Bowering: The Man and the Park

The Evening Telegram

Adapted from an article by Bert Riggs, published June 24, 1998.
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The Peter Pan statue
On June 23, 1943, Sir Edgar Rennie Bowring died in London, England, just a few weeks short of his 85th birthday. During his long life he contributed much to Newfoundland. He was a businessman, politician, diplomat and philanthropist. He is responsible for one of the most beautiful and enduring legacies ever made to the people of St. John’s — Bowring Park.

Edgar Bowring was born in St. John’s on Aug. 17, 1858, the son of John Bowring and Mary Rennie. His father was the youngest son of Benjamin Bowring, who established the Bowring business in St. John’s in 1811. His mother was a daughter of the Rennie family who established the famous Rennie’s Mill on the river that still bears the family name.

Edgar began his education at Bishop Feild College, but at age 11, in 1869, he was sent to England to attend schools at Liverpool and Scarborough. He returned to St. John’s in 1875 and joined the family business, by then known as Bowring Brothers. In 1886 he was made a full partner in the business.

With the unexpected death of his cousin, Charles, in 1890, Edgar became managing director and senior resident partner of the company in Newfoundland. He would eventually become a director of Bowring subsidiaries in Liverpool and New York. In 1936 he became chairman of the board of Bowring’s parent company in London.

He turned some of his responsibilities in Newfoundland over to his cousin Eric Bowring in 1909, but continued to be involved in the company’s management until his death. Under his guidance, the business expanded and prospered.

Bowring Brothers owned a large fleet of ships. One of the vessels Bowring acquired was the Florizel, in 1909.

A steel-hulled passenger vessel, which doubled as a sealing ship during the spring hunt, the Florizel became a troop ship on Oct. 4, 1914, when it left for England with the first 500 members of the Newfoundland Regiment.

On Feb. 23, 1918, the Florizel foundered on the rocks off Cappahayden, on its way to Halifax and New York; 94 passengers and crew perished in the wreck, while only 44 were rescued. The ship was a complete loss.

As a politician, Bowring never ran for elected office, but in 1897 he was appointed to the Legislative Council, Newfoundland’s upper house, where he served for almost 30 years.

He was appointed Newfoundland’s representative on Great Britain’s Dominions Royal Commission, established in 1912 to study the natural resources, trade and legislation of the major dominions of the Empire.

On Nov. 22, 1918 Bowring became Newfoundland’s first formal diplomat when he was appointed High Commissioner (ambassador) to Great Britain, a position he accepted without salary at his own request. He held that office until 1922, representing Newfoundland’s interests in London.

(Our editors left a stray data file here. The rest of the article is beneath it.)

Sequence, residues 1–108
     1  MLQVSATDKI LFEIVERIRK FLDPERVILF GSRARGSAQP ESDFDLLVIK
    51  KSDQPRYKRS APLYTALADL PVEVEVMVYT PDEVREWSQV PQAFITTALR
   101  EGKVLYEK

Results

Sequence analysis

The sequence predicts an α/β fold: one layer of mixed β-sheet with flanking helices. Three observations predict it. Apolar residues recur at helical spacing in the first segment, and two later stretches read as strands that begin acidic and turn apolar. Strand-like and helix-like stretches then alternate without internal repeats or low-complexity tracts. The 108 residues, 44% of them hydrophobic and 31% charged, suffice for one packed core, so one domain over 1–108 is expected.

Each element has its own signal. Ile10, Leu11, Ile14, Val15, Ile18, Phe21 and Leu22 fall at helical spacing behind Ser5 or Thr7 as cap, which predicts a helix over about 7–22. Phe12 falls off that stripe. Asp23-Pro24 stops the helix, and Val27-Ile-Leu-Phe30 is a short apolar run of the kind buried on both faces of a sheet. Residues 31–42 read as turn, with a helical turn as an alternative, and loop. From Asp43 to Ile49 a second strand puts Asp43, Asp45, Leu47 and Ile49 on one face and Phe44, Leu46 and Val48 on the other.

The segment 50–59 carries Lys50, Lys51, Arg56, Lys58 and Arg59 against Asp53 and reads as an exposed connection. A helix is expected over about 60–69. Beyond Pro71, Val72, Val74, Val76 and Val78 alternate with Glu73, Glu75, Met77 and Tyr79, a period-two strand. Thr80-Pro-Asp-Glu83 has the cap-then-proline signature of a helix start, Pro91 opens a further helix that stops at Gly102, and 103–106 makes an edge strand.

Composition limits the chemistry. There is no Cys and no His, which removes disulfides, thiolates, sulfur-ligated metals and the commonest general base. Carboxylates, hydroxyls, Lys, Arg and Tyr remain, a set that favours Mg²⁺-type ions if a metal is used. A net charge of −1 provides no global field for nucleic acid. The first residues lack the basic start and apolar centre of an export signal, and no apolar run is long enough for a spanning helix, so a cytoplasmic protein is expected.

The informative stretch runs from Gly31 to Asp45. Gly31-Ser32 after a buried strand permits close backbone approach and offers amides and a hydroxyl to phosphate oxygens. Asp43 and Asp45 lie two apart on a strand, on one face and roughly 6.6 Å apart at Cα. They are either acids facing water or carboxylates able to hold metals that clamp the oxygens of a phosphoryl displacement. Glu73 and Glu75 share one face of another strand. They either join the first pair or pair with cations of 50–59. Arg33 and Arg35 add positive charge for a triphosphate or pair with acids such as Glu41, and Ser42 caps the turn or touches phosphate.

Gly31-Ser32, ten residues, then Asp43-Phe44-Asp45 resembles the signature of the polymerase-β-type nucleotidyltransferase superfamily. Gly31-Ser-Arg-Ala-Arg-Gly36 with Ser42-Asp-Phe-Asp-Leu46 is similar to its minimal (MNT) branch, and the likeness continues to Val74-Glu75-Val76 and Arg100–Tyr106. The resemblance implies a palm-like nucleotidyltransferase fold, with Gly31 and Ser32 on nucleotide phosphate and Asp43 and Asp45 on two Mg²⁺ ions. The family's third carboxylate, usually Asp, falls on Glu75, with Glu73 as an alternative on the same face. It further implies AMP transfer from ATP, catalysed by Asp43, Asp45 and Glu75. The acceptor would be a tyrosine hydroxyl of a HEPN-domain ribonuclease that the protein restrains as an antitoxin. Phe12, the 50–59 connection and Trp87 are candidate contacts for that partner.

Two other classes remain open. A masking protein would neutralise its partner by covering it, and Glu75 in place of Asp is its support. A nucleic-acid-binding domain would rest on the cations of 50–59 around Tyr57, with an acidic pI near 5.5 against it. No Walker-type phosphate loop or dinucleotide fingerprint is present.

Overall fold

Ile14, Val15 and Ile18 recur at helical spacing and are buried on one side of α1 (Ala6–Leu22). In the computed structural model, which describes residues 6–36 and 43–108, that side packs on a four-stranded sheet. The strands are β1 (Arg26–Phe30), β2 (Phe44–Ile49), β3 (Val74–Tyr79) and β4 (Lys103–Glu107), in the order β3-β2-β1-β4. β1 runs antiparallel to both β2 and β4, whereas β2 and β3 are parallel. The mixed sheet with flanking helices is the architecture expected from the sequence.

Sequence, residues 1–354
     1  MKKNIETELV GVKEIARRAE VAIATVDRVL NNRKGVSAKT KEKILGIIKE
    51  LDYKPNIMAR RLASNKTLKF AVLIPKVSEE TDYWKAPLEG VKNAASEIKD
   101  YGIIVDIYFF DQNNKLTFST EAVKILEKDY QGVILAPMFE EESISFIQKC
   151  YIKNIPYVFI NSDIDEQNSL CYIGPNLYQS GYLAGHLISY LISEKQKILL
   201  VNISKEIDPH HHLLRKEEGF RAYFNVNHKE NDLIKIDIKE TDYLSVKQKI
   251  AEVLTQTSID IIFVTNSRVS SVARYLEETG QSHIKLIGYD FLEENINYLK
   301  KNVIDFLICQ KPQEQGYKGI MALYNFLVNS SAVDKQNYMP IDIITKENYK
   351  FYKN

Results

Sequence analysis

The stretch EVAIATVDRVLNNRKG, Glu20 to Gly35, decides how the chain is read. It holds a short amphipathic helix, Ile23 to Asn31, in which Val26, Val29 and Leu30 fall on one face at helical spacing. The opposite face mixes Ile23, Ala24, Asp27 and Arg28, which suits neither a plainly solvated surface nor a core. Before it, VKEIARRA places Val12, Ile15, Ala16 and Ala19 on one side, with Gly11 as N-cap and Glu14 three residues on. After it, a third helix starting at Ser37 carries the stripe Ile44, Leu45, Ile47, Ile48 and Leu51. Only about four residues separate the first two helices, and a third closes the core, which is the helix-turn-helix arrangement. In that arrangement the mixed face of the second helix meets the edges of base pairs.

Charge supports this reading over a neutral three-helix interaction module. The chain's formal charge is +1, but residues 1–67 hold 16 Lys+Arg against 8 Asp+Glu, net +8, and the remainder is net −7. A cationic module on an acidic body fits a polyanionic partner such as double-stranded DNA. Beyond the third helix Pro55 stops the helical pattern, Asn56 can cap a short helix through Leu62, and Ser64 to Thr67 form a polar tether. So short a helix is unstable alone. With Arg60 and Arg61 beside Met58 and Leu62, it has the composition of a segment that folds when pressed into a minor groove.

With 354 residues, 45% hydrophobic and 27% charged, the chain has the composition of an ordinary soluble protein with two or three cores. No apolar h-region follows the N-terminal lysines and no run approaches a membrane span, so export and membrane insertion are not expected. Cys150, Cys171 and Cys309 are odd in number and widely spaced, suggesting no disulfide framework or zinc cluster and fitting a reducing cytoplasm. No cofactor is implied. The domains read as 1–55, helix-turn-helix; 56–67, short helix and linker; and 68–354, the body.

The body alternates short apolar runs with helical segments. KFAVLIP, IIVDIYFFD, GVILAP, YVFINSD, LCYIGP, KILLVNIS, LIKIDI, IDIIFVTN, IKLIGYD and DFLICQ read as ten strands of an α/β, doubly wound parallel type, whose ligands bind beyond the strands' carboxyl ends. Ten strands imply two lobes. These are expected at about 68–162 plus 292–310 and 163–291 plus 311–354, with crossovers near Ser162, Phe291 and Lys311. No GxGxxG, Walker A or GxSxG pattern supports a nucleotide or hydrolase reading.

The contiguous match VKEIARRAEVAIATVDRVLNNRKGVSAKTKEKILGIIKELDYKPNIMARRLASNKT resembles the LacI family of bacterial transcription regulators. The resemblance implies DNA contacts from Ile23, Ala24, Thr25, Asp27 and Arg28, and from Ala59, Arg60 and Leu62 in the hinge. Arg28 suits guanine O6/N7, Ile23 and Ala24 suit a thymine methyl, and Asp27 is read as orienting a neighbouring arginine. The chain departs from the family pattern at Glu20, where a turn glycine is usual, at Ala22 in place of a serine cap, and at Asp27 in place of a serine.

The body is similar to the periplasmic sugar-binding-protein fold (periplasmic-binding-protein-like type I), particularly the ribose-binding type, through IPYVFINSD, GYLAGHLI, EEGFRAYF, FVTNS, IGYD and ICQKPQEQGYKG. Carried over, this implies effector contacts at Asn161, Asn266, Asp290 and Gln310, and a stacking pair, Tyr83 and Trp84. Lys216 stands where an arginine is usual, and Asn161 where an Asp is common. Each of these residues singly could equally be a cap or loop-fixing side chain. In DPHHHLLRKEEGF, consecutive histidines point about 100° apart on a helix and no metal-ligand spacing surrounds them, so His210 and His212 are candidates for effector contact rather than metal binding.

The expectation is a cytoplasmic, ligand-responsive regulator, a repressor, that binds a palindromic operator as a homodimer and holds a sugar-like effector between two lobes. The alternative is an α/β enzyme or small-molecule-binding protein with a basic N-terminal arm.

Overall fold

While there in 1921, he attended the first meeting of Newfoundland Club. He also served as High Commissioner during 1933-34.

It was as a philanthropist that Bowring is best remembered. In 1911, as part of the 100th anniversary of the Bowring enterprise, he presented the citizens of St. John’s with a gift of $50,000 which was used to purchase land to establish a park in the western part of the city, on the banks of the Waterford River.

Named Bowring Park in honor of the benefactor, it was designed by the Dutch landscape architect Rudolph Cochius, who spent five years (1912-1917) working on the project.

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The Peter Pan statue
Officially opened on July 15, 1914, it has become one of the best loved recreation areas in the city.

Bowring was also responsible for one of the major statues in park. On board the Florizel when it sank were Bowring’s stepson, John Shannon Munn, and his daughter, three-year-old Betty Munn, both of whom were drowned.

In her memory, Bowring commissioned the British sculptor Sir George Frampton to duplicate a copy of his statue of Peter Pan which stands in Kensington Gardens, London. The replica in Bowring Park, unveiled on Aug. 29, 1925, bears the dedication “In memory of a little girl who loved the Park.”

The other large statue in the park, The Caribou, was the gift of Bowring’s cousin, William Howe Green.

Other charitable works by Bowring include serving as finance chairman of the Newfoundland Patriotic Association and providing his St. John’s residence, Waterford Hall, as a convalescent home for wounded soldiers returning from Europe.

Edgar Bowring married Flora Clift Munn, a widow with children, in 1888. He became a father to her children, and her eldest, John Shannon Munn, became his protege, who was well secured in the management of Bowring’s St. John’s operations at the time of his death in the wreck of the Florizel.

Bowring was honored for his contributions to Newfoundland and the British Empire, with not one, but two knighthoods, being made a Knight Bachelor in 1915, and then raised to a Knight Commander of the Order of St. Michael and St. George in 1935.

Bowring Park remains a lasting legacy of his generosity to Newfoundland.
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This page updated July 18, 1998
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